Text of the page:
FRANKFURT (Reuters) - Bank lending in the euro zone accelerated in July while a money supply indicator which often foreshadows future activity rose far more than expected, data from the European Central Bank showed on Wednesday.
Household lending growth accelerated to a post-crisis high of 3.4% in July from 3.3% in June, while corporate lending growth held steady at 3.9%, equaling its best rate this year, suggesting that even as the economy continues to cool, it is not facing a downturn or a recession.
Still, with growth now below trend due to weak export demand for manufactured goods, the lending figures are unlikely to ease the ECB’s concerns, and policymakers are all but certain to approve a fresh stimulus package at their Sept 12 meeting.
Indeed, with a hard Brexit looking ever more likely and a global trade war sapping confidence, Germany’s vast industrial sector is already in recession, raising the risk that its malaise will soon infect the domestic economy and spread around to other nations.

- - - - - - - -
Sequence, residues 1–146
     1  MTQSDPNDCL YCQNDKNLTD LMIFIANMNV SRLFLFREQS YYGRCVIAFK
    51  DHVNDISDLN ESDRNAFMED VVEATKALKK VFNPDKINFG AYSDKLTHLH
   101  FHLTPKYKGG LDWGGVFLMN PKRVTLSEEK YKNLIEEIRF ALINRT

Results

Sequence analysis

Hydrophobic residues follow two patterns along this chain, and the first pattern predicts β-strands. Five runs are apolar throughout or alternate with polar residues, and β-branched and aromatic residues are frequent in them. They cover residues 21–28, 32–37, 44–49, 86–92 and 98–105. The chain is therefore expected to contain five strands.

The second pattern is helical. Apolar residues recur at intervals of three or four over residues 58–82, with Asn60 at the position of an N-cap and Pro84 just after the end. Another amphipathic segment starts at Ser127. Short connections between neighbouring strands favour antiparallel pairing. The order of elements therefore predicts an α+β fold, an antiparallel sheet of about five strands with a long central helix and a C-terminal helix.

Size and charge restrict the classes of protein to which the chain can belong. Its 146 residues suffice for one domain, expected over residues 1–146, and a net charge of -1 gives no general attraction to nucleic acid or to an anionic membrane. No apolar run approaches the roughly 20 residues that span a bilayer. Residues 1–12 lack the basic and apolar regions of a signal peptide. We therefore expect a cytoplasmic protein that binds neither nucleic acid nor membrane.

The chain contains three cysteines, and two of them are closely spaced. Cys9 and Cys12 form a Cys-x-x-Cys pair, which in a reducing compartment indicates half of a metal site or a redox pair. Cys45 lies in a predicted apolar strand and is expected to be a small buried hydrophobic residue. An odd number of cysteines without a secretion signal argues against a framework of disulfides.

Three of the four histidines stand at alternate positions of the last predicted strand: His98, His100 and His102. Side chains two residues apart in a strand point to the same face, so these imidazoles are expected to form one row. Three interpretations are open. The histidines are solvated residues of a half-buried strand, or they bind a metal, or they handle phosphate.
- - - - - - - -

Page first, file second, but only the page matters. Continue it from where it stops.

While market expectations for policy action are still in flux, a deposit rate cut, revamped interest rate guidance and the restart of bond purchases, also known as quantitative easing, appear highly likely.
The ECB is also likely to consider a multi-tier deposit rate and more favorable lending terms to prop up the bank sector, which transmits the bulk of ECB policy to the real economy.
The annual growth rate of the M3 measure of money supply, which often serves as a reliable indicator of future activity, grew by 5.2% in July after 4.5% in June, beating forecasts for 4.7%.
Reporting by Balazs Koranyi; Editing by Toby Chopra